By Chad Halcom and Nancy Kaffer
Two Detroit casinos are rolling snake eyes in the debt market.
A top ratings service downgraded its outlook for MotorCity Casino's parent company, citing a host of financial concerns. Greektown Holdings L.L.C. has until the end of this week to submit a reorganization plan that can resolve its swelling debts without need for a sale.
An agreement entered in U.S. Bankruptcy Court last month between the troubled Greektown Casino owners and its creditors gives the parties until Feb. 1 to submit a “co-exclusive” plan to restructure and settle its debts.
In other words, if the casino company doesn't submit a plan — with the consent of as many bondholders and other litigants as possible — by the deadline, creditors can submit restructuring plans of their own.
The Detroit City Council expects to meet today in a closed session with its Law Department and Chicago-based law firm Shefsky & Froelich Ltd. to review confidential new documents in the ongoing bankruptcy case, in which Detroit is a party.
A deputy press secretary for Detroit Mayor Ken Cockrel Jr. said he believes Greektown will submit a plan by week's end, but an attorney for the casino's creditors said there it might be “difficult” to craft a complete plan with all parties' consent by the deadline.
As late as last week, involved parties were discussing the shape of a reorganization plan, said Robert Gordon of Detroit-based Clark Hill P.L.C. and attorney for Greektown's unsecured creditors' committee.
Greektown, majority-owned by the Sault Ste. Marie Tribe of Chippewa Indians, and the creditors have also had to discuss a few preliminary offers to buy the casino and its assets, which came in earlier this month as part of the proceedings, Gordon said.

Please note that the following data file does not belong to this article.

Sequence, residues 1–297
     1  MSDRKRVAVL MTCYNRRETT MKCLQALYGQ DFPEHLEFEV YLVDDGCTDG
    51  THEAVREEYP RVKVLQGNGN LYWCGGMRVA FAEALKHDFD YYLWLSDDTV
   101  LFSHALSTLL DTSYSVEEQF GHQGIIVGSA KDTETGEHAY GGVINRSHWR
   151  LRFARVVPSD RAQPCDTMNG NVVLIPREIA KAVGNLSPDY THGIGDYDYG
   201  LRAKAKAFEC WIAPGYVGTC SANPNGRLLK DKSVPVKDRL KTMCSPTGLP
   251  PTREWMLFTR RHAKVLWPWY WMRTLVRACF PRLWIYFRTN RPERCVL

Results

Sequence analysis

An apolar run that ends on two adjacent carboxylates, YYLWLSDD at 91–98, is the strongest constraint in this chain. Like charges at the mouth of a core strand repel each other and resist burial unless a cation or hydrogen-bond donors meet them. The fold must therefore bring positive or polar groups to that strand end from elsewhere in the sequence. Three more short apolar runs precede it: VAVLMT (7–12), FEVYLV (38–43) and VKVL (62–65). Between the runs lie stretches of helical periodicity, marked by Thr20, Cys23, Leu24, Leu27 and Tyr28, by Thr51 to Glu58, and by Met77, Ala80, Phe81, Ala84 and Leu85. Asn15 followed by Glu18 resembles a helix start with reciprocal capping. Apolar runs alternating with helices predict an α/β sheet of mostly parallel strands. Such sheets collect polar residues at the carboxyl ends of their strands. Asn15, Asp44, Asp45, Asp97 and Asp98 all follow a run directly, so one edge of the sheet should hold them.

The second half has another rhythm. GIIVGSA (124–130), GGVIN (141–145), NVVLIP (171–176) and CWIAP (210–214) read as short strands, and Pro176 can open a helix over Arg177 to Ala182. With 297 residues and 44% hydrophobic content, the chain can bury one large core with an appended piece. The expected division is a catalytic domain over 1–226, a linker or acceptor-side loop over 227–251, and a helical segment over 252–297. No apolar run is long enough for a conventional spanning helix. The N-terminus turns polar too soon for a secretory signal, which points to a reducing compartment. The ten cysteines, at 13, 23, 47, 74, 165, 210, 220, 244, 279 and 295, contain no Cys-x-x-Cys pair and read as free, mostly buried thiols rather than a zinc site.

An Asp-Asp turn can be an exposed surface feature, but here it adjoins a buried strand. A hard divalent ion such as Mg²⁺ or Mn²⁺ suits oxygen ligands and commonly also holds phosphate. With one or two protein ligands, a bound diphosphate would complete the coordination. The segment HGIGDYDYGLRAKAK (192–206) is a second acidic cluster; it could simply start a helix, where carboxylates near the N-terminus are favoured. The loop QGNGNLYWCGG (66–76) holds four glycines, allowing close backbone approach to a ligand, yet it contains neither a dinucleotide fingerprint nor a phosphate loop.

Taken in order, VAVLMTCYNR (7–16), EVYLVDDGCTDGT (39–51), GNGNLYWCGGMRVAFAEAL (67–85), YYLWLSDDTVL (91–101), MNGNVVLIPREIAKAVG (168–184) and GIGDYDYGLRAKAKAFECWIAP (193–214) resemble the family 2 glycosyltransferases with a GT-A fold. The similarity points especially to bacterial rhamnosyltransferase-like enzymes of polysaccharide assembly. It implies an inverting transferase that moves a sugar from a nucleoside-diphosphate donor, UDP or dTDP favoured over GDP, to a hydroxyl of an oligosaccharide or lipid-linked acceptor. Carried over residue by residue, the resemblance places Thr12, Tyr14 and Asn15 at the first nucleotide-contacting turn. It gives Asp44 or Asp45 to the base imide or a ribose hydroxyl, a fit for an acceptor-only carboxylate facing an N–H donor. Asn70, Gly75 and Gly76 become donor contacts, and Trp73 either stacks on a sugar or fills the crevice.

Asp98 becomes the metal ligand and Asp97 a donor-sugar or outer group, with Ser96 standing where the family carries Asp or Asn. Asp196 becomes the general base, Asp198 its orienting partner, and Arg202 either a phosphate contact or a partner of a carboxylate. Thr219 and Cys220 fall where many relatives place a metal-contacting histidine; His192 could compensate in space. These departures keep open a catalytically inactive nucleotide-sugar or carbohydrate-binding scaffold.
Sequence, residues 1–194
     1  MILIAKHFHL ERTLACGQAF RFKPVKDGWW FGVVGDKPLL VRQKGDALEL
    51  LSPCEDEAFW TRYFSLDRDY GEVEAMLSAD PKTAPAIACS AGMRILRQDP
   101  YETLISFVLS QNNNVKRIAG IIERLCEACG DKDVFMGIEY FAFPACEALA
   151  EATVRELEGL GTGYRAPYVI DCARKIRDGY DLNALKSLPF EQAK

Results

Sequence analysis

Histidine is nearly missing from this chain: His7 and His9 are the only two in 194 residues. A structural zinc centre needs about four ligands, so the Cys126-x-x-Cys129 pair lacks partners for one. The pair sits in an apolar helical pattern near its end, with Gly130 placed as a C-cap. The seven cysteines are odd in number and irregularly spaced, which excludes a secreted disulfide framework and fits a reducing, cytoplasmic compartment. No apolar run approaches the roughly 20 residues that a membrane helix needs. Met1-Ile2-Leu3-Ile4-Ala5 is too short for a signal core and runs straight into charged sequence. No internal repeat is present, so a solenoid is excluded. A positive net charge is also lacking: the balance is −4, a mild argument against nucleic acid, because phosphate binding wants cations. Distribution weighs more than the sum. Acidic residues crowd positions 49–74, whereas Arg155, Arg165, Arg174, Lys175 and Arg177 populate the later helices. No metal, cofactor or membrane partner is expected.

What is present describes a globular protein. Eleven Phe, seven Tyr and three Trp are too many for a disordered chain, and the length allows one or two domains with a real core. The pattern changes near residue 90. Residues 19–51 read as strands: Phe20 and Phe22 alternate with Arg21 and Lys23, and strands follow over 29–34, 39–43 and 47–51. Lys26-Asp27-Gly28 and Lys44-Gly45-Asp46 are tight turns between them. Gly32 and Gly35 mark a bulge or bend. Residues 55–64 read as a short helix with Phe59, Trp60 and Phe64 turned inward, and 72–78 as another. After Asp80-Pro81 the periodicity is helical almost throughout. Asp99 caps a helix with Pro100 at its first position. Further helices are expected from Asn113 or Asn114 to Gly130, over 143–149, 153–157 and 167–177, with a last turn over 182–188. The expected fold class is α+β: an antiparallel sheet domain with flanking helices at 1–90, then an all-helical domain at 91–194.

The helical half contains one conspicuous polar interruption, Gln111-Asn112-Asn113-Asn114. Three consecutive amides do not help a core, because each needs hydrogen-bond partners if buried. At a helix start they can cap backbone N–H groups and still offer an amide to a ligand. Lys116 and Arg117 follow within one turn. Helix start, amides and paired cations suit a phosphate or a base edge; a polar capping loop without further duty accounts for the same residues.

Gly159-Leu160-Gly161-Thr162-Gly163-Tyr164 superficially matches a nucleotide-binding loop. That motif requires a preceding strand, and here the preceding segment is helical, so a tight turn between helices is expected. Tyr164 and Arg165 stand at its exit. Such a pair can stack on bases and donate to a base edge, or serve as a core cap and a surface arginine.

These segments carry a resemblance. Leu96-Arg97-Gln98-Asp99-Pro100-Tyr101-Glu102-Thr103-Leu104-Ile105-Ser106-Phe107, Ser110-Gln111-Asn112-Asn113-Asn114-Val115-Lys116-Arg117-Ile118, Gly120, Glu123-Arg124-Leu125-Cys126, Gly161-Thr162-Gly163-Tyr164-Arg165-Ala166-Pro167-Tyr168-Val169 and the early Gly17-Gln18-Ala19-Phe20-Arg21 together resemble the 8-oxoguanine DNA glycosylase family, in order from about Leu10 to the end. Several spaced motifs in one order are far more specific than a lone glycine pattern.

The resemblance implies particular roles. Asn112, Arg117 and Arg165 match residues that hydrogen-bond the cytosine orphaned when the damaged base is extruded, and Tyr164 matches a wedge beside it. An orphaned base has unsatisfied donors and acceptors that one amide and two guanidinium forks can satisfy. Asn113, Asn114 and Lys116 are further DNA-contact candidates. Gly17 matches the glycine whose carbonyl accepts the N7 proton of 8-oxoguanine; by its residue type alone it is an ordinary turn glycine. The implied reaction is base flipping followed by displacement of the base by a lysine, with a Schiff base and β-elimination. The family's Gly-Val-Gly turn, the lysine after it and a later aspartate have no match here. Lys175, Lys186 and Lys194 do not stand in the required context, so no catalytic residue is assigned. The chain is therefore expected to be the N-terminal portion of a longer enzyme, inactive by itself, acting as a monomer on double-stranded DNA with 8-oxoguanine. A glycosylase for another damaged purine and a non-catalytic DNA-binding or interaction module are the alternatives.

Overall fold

“There still has to be some digestion of the proposals that have come in,” he said. “That's why I think there's going to be some possible difficulty or delay in crafting a full plan before the deadline.”
Marian Ilitch-owned MotorCity's fiscal woes were enumerated in a statement posted on Moody's Investors Services' Web site, announcing the downgrade of parent company CCM Merger Inc.'s outlook to negative.
Last fall, CCM owners contributed $25 million in cash equity to enable the business to meet its September debt-to-EBITDA (earnings before interest, taxes, depreciation and amortization) ratio. Moody's analysts warn that another equity infusion might be required for CCM to meet its year-end debt-to-EBITDA ratio.
CCM's debt limit is currently seven times EBITDA, according to Moody's, but that ratio could increase in 2009 because of a drop in gaming revenue — down 11 percent in December — that could offset earnings from the casino's expansion and lead to negative cash flow.
CCM's owners would have to ask to amend its lending covenants to increase its debt-to-EBITDA ratio or risk becoming noncompliant, according to Moody's.
Greektown may have its work cut out in proving it can resolve debts as it faces falling revenue and lost market share. A 2008 revenue and tax collection report prepared by the Michigan Gaming Control Board shows that revenue fell for all three casinos in December, with Greektown's dropping 12 percent.
MotorCity ended 2008 with $464 million in revenue, compared with $480 million in 2007. Greektown finished with $316 million compared with $341 million last year.
“Nothing before us suggests the industry isn't still solvent. The casinos as a whole showed 1.8 percent revenue growth over the previous year,” said Rick Kalm, the Gaming Control Board's executive director.
Edward Gudeman, president and managing partner of bankruptcy law firm Weik & Associates P.C. in Royal Oak, said Greektown's ability to control its own future likely comes down to showing an ability to make a profit on operations — exclusive of debt.
“If they can't show that in the plan, or the plan fails to execute, the case could be converted to Chapter 7 and be forced to sell,” he said.
Greektown sought bankruptcy protection in May, citing at least $243 million in unsecured debt to 40 unsecured creditors, and has since gained regulatory approval from the Gaming Board to borrow another $100 million more.
A new hotel is expected to open in a newly built tower along Monroe Street next month.
Chad Halcom: (313) 446-6796, firstname.lastname@example.org
Nancy Kaffer: (313) 446-0412, email@example.com